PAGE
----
Along with graduating from your EMT training course, you need to also become CPR-BLS credentialed ahead of taking your certification test. In order to be recognized, a certification training course should be approved by the American Heart Association. On the list of biggest, and most-prominent providers of certification training is the American Red Cross.

Step 4: Pass the National Registry EMT Exam

There are a pair of unique parts to the EMT certification test: The Cognitive Exam (based on general knowledge) and the Psychomotor Exam (centered on skills). The knowledge section is typically completed online whereas the skills test is finished on location and in-person. We cover the two exam segments in more detail below.

Cognitive Exam

Presented as a CAT (computer adaptive test), multiple-choice examination, the Cognitive Exam is an online assessment that tests your basic knowledge. The test consists of in between 70 and 120 multiple-choice items which have to be answered within the allotted two hours. The test for the most part covers the topics below.

Airway, Respiration & Ventilation (18-22% of exam – 85% Adult/15% Pediatric)
Cardiology & Resuscitation (20-24% of exam – 85% Adult/15% Pediatric)
Trauma (14-18% of exam – 85% Adult/15% Pediatric)
Medical (27-31% of exam – 85% Adult/15% Pediatric)
EMS Operations (10-14% of exam – NA Adult/N/A Pediatric)

Psychomotor Exam

The skills demonstration component of the test is known as the Psychomotor Exam. You will be evaluated in all areas for the job. Noted below are the different skill areas included on the test.

  • Patient Assessment and Management – Trauma
  • Patient Assessment and Management – Medical
  • BVM Ventilation of an Apneic Adult Patient
  • Oxygen Administration by Non-Rebreather Mask
  • Spinal Immobilization (Seated Patient)
  • Spinal Immobilization (Supine Patient)
  • Bleeding Control and Shock Management
  • Cardiac Arrest Management / AED
  • Joint Immobilization
  • Long Bone Immobilization

Step 5: Become registered on the National EMT Registry

Inside of 30 days of finishing your Emergency Medical Technician training, you’ll need to get your name put on the National EMT Registry. To get listed, you will be expected to pay an $80 fee. Having your name included on this list is the final step required to become eligible for employment as an Emergency Medical Technician.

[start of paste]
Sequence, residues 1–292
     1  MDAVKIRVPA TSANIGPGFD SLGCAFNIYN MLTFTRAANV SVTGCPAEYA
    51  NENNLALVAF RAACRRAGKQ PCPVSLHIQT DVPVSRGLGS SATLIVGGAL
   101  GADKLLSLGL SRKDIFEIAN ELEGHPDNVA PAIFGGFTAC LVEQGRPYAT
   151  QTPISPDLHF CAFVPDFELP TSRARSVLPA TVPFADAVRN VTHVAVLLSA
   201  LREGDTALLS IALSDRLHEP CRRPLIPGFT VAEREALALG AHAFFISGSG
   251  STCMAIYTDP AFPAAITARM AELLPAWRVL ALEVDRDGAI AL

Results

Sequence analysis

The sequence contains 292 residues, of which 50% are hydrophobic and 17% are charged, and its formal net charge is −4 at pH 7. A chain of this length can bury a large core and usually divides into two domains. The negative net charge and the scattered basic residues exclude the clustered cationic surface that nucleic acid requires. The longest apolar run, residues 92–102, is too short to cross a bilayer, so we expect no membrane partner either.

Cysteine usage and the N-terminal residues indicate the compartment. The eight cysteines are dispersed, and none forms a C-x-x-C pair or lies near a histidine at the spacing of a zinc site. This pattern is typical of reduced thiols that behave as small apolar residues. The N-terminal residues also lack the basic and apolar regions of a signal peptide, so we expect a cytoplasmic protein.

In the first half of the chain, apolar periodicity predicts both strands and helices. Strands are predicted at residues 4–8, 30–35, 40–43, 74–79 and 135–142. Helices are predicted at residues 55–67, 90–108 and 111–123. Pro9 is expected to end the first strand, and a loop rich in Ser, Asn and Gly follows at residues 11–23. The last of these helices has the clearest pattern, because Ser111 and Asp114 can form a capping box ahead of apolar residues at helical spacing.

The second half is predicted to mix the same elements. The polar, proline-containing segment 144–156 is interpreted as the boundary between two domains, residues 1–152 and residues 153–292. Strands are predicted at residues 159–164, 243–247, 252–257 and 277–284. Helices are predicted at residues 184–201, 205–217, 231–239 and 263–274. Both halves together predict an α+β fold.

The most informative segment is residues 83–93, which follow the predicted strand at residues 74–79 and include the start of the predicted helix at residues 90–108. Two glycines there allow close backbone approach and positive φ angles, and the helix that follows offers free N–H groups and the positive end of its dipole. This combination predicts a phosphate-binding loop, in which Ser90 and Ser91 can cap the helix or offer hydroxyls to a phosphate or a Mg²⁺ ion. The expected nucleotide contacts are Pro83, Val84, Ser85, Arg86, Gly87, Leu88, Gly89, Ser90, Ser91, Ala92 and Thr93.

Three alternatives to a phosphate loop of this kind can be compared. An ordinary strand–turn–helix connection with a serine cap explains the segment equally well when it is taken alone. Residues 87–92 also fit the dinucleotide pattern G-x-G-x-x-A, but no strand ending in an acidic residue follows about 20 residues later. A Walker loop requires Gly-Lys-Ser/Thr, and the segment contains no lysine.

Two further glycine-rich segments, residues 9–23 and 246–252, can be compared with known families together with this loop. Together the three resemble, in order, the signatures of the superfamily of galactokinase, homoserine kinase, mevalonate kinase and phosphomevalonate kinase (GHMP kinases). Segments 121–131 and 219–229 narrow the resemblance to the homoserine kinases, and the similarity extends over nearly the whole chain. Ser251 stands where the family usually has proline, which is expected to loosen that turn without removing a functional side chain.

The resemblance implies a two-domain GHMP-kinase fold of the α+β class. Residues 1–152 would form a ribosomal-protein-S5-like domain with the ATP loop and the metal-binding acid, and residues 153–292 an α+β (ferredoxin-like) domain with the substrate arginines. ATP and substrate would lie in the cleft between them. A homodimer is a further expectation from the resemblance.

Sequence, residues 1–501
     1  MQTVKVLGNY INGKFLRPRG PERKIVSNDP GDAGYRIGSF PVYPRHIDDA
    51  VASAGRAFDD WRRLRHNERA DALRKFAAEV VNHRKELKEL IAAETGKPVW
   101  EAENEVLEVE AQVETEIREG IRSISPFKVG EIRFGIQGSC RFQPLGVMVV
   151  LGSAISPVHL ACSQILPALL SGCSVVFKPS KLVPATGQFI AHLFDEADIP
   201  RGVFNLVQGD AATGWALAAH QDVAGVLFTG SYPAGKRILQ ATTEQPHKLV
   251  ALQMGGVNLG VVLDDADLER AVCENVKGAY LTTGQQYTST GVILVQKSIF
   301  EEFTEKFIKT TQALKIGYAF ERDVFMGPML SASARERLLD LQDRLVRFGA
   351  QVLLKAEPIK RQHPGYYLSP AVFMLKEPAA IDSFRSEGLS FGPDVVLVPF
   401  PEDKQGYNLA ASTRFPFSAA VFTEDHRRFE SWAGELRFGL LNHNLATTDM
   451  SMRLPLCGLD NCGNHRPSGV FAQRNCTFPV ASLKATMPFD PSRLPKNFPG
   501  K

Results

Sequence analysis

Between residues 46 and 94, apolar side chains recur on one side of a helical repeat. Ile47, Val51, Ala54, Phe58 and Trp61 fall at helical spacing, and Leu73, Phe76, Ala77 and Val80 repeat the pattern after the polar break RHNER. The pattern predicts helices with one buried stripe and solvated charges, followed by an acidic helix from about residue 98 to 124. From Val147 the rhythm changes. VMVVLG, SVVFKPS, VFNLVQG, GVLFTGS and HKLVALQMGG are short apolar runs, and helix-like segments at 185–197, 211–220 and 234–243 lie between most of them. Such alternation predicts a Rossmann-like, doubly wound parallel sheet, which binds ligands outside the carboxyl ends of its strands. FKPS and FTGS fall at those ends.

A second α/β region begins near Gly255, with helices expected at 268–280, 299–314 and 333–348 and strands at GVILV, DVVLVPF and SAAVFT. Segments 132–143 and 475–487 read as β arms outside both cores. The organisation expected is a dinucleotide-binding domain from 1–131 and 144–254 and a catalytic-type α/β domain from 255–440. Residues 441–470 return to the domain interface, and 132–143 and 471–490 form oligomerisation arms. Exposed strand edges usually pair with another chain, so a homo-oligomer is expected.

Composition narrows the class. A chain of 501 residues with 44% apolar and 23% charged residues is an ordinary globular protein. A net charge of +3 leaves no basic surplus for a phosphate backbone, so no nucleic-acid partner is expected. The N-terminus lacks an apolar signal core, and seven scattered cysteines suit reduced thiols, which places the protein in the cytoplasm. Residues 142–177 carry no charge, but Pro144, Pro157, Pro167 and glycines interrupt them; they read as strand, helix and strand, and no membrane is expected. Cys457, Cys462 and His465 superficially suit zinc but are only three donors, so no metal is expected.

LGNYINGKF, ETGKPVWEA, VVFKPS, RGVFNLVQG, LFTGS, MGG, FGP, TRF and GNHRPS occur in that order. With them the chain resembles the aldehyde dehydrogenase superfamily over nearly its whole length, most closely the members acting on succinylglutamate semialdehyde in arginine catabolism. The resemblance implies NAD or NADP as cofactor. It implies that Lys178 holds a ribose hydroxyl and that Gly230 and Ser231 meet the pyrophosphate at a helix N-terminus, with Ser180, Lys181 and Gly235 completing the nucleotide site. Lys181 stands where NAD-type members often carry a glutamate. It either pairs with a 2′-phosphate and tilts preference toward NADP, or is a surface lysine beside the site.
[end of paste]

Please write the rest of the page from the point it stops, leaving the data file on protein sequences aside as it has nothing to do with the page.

How much do EMTs earn in Iowa?

According to the recent Occupational Outlook Handbook from the Bureau of Labor Statistics, the median salary for EMTs in the United States was $33,380 in 2017. The following data features EMT salary in Iowa in more detail.

LocationPay TypeLowMedianHigh
United StatesHourly$10.52$16.05$27.40
Ames, IA MSAHourly$15.88$20.21$26.56
Omaha-Council Bluffs, NE-IA MSAHourly$13.07$18.14$29.70
Southwest Iowa BOSHourly$11.77$17.85$26.41
Iowa City, IA MSAHourly$11.20$17.06$22.70
Des Moines-West Des Moines, IA MSAHourly$12.79$16.84$23.87
Sioux City, IA-NE-SD MSAHourly$12.22$16.63$34.84
Waterloo-Cedar Falls, IA MSAHourly$8.53$15.73$22.16
Southeast Iowa BOSHourly$8.95$15.69$23.06
Dubuque, IA MSAHourly$12.40$15.00$21.99
Northeast Iowa BOSHourly$10.29$14.43$23.39
Northwest Iowa BOSHourly$9.52$14.41$23.01
Davenport-Moline-Rock Island, IA-IL MSAHourly$9.87$13.79$22.90
Cedar Rapids, IA MSAHourly$8.83$13.73$28.22

The job outlook for EMTs in Iowa

The medical industry as a whole in Iowa is going through extraordinary growth, keeping with the nationwide trend. This phenomenon applies to EMTs and Paramedics as well, with the Bureau of Labor Statistics predicting a 16% rise in the quantity of new opportunities for these positions throughout the state through 2026.